Foreign currency liquidity challenges to reignite banks’ appetite for Eurobonds
The current foreign liquidity challenges in Nigeria could be an incentive for banks to make a swift return to the Eurobond market as customers are in dire need of foreign currency.
Between the last issuance and now, there has been a moderation in the interest rate on the back of dovish stance by banks across the globe in response to the headwinds brought on by the coronavirus pandemic.
“They should be able to raise at a lower cost. But they must look for customers who can pay interest on loans,” said Gbolahan Ologunro, equity research analyst at CSL Stockbrokers Limited.
First Bank of Nigeria, the largest subsidiary of First Bank of Nigeria Holding (FBNH), is poised to tap the international debt market, with the pricing of a senior five-year note expected in coming days.
Analysts at Chapel Hill Denham Limited said given that the United States five-year treasury yield is currently at 0.3 percent, they expect the issuance to price between 7.3 percent and 8.0 percent.
That compares 7.4 percent yield-to-maturity of Ecobank Transnational International Bank (ETI Bank).
There were early rapid redemptions of Eurobonds by Nigerian banks two years ago on the back of little demand for currency loans, low-interest-rate environment, and currency devaluation.
In 2019, three Nigerian banks redeemed $1.1 billion worth of outstanding Eurobond notes before maturity.
“Defunct Diamond and Zenith matured without refinancing in 2019, and another tender offer was conducted by Zenith Bank to reduce its
Eurobond obligations’’ said analysts at Chapel Hill Denham Limited.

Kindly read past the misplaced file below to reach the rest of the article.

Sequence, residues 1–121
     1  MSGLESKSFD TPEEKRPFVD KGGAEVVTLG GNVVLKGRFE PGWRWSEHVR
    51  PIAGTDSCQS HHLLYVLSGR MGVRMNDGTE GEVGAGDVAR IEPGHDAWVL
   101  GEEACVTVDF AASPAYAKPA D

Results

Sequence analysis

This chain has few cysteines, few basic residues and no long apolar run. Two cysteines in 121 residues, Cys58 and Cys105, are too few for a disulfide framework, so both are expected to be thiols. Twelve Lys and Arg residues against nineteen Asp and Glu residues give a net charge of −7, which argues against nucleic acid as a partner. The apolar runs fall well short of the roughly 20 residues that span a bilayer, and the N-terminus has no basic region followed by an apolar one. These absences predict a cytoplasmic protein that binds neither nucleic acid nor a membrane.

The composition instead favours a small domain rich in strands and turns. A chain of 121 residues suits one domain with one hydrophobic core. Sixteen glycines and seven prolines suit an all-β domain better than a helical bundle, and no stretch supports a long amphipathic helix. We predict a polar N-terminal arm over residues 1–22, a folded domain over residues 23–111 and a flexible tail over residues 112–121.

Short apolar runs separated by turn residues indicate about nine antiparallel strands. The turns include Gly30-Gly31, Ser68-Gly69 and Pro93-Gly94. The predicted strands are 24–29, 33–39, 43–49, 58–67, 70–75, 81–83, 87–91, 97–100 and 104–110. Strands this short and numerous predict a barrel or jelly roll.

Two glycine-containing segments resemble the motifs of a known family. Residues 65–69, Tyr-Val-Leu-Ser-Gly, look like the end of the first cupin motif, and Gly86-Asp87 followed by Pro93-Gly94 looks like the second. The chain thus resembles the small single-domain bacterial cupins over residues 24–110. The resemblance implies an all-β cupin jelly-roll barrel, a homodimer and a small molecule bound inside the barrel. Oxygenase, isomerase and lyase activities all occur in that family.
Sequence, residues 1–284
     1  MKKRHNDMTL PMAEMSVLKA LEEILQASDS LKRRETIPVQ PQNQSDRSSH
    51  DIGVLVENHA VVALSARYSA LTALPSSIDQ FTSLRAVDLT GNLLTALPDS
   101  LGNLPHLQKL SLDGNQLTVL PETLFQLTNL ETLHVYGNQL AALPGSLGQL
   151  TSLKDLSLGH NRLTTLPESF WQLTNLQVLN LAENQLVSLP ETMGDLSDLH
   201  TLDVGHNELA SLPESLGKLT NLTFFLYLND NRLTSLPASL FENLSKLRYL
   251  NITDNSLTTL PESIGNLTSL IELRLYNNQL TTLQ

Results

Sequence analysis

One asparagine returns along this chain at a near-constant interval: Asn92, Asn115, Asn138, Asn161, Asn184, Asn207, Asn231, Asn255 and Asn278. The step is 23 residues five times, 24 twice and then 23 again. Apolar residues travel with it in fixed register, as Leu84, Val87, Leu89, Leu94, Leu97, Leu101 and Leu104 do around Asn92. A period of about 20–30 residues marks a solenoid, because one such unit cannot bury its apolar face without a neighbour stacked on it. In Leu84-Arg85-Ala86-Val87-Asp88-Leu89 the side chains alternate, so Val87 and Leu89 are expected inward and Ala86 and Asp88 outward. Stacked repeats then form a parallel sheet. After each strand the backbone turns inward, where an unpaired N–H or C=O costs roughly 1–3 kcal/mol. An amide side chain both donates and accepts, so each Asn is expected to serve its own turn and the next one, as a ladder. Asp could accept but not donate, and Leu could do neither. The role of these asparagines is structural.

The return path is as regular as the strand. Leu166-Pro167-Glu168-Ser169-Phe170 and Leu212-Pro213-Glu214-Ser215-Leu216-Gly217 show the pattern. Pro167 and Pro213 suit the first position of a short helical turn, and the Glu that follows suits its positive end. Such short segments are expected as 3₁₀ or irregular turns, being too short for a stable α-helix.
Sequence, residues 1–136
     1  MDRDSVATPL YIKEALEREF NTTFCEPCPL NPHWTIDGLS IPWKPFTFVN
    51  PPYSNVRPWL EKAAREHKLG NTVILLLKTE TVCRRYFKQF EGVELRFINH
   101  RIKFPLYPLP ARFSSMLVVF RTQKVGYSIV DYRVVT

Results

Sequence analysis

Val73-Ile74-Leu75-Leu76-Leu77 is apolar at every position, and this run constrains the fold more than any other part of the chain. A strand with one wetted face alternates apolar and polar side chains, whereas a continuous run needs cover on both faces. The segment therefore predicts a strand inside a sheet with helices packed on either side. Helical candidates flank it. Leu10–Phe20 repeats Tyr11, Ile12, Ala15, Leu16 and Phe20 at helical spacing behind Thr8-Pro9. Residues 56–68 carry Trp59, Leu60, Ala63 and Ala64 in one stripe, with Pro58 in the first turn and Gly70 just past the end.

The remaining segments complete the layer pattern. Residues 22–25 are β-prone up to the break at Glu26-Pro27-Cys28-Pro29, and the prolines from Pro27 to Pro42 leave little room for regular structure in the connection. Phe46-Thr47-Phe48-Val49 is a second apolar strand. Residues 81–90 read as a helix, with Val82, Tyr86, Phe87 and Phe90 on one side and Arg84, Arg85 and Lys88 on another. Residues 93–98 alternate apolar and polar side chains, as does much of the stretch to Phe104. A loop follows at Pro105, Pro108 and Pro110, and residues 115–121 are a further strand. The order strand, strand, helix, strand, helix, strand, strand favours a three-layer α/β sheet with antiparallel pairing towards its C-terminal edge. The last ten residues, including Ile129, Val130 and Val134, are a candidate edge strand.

Nigeria, Africa’s largest economy, has $11.20 billion Eurobond outstanding with a yield of 6.60 percent, and the World Bank has delayed $1.50 billion facility on the grounds that policymakers have refused to adopt a unified foreign exchange rate.
The Nigerian Treasury Bill Yields ( NTB) crashed following the decision by the central bank in October last year to restrict individuals and Nigeria’s corporates from participating in both primary and secondary markets of its Open Market Operation (OMO) window.
The central bank dovish tone suggests yield will be suppressed in a long while, as it cut key interest rate to the lowest in four years over concerns of a looming recession may be insufficient to boost growth.
In September, the apex bank lowered the rate to 11.50 percent from 12.50 percent.
As a result of the Covid-19 disease that triggered unanticipated global financial market volatility, domestic economic growth in the first quarter (Q1) 2020 slowed to 1.87 percent.
However, the International Monetary Fund (IMF) improved its 2020 forecast for Nigeria by 1.1ppts to a 4.3 percent year on year (y/y) contraction compared with 5.4 percent previously.
The regulator has expressed concerns on the outlook for the country’s external reserve and exchange rate, thanks to worsening current account balance, decline in oil price, and risk aversion on the part of investors which would affect capital inflows.
A backlog of FX demands has piled up in Nigeria since March, estimated at $2.5 billion by the CBN in August.